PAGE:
Straight talk from the sisters about blood, sweat and ink
What Gymnastics Taught Me About Writing
It’s Archive Revive Day! I’m swamped with gymnastics coach training this month, so this re-post is appropriate…
Originally posted on Feb. 10, 2014. Updated Oct. 5, 2015
I had two childhood dreams – be a novelist and be a gymnast. I was a strange juxtaposition of sedentary nerd kid lying on the couch reading for hours, and spastic athletic kid jumping around the backyard practicing cartwheels and roundoffs and walking the wooden fence like it was a beam. In my 30s, I finally pursued my crazy dreams and discovered that though these disciplines seem like opposites, both require certain characteristics that, unfortunately, I didn’t yet possess.
I don’t think anyone in my life would describe me as a patient person. When I want something done, I do it as soon as possible. So when I set out to write a novel in a year, I was bitterly disappointed that a year later I still had no novel. And it wasn’t for lack of trying. I was writing lots, but I had more to learn than I thought, which meant the novel was taking much longer than expected. In fact, it was such a mess I couldn’t even predict when it would be done! The horror!
Similarly, when I started gymnastics, I thought I’d be able to compete at an entry level in a couple years, but I spent the first year just getting strong enough to execute even the most basic skills. I was frustrated with what I perceived as a lack of progress. Why was I taking so long to get good? Thing is, it wasn’t just me. Everyone else in the class was progressing at the same glacial rate because gymnastics is hard. Just like writing a novel is hard. To be a writer/gymnast, I needed patience to stick with it through years of suckage. Though that might seem obvious, it wasn’t to me, because I lacked something else…
I am lucky to be gifted with brains and coordination. School was easy. Sports came naturally. When I decided to become a writer I did so with confidence, because I’d been told my whole life that I had a talent for writing. When I took up gymnastics I expected to be good at it because back in the day I’d been recruited to the high school team even though I had no gymnastics training. But despite my natural talents, I wasn’t immediately awesome at either. Thankfully I recognized that, since the first step to becoming good at anything is to acknowledge you’re not yet great. Then you need the patience to practice and get better. I was working on that. But I was still missing something…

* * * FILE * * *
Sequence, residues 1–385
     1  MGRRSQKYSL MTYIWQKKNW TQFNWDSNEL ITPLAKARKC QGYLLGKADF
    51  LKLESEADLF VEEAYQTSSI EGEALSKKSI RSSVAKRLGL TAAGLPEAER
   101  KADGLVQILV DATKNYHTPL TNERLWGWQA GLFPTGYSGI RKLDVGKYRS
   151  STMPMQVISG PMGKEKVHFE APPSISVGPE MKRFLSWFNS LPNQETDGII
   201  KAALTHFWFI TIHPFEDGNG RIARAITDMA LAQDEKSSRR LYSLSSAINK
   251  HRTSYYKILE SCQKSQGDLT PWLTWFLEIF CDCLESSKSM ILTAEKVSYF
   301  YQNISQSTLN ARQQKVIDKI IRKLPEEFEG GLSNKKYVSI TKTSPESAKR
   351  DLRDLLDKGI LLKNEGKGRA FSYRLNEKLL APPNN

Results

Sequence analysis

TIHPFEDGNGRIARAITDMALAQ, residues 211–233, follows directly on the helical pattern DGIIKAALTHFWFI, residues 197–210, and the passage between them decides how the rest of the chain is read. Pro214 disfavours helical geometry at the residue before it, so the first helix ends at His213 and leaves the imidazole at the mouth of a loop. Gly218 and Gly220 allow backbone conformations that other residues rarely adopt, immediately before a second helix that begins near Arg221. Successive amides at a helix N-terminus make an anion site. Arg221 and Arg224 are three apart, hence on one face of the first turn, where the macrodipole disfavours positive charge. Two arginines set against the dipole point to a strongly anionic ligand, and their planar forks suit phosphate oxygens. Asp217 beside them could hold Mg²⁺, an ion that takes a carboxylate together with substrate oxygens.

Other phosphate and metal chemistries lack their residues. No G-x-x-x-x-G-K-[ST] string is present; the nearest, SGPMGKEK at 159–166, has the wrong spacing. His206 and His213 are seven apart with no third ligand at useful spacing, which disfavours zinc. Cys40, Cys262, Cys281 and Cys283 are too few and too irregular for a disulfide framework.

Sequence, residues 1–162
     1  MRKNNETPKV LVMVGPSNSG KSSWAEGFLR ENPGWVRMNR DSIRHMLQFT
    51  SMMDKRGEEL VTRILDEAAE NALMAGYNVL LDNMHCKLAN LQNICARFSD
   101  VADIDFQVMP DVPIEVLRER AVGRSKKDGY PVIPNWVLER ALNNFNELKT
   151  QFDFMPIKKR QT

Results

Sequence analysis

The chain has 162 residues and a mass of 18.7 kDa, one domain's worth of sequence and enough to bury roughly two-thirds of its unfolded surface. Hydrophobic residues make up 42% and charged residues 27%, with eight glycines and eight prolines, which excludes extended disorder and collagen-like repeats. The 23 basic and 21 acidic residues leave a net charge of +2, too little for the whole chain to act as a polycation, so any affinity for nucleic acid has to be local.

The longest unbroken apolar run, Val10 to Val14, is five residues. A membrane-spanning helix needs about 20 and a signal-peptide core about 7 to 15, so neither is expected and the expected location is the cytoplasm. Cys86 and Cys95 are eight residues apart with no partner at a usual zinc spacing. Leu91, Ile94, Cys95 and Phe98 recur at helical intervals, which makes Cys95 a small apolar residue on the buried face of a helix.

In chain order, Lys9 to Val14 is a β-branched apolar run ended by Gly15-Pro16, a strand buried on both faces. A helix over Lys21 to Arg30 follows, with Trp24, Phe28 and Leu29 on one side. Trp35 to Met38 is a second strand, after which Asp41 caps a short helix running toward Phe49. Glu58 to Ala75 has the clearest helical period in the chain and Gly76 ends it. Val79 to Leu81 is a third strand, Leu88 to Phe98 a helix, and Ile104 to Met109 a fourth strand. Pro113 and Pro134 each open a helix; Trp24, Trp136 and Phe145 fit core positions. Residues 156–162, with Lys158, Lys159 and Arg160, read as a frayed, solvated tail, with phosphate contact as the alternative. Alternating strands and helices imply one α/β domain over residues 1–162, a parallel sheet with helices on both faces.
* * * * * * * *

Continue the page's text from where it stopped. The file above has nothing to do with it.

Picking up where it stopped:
#3: Mental Strength.
Facing a blank page and facing a vault inspire the same emotion – fear. The first time my coach told me to run at the vault, launch off the beat board, catch myself on my spindly little arms, and flip over… well, I was terrified. I kept picturing my arms giving way and my face smashing into the vault. But there comes a point where you just have to go for it, trust the training exercises, and leap. As I ran at that vault, I decided to do the same with my writing. Instead of procrastinating all morning and well into the afternoon to avoid “falling on my face” and writing crap, I forced myself to leap at that blank page first thing. And yes, I did fall a few times, in writing and on the vault, but I got back up, faced down the fear, and did it again.
Fast forward a couple years later, and I feel like I’ve got a handle on humility and am getting better at mental strength, but I still struggle with patience. I wish I had a best selling novel published right now. I wish I could do a flawless trampoline routine tonight. I get to the gym and watch some 12-year-old do an amazing routine and feel crummy I can’t even do half that until the coach puts it in perspective – that kid has been training 20 hours a week for 7 years. Being great at something takes time. And patience. A whole lot of patience.
Heather is a freelance screenwriter, game writer, and novelist based in Toronto. For more, visit her website at heatherjacksonwrites.com or follow her on Twitter @HeatherJacksonW
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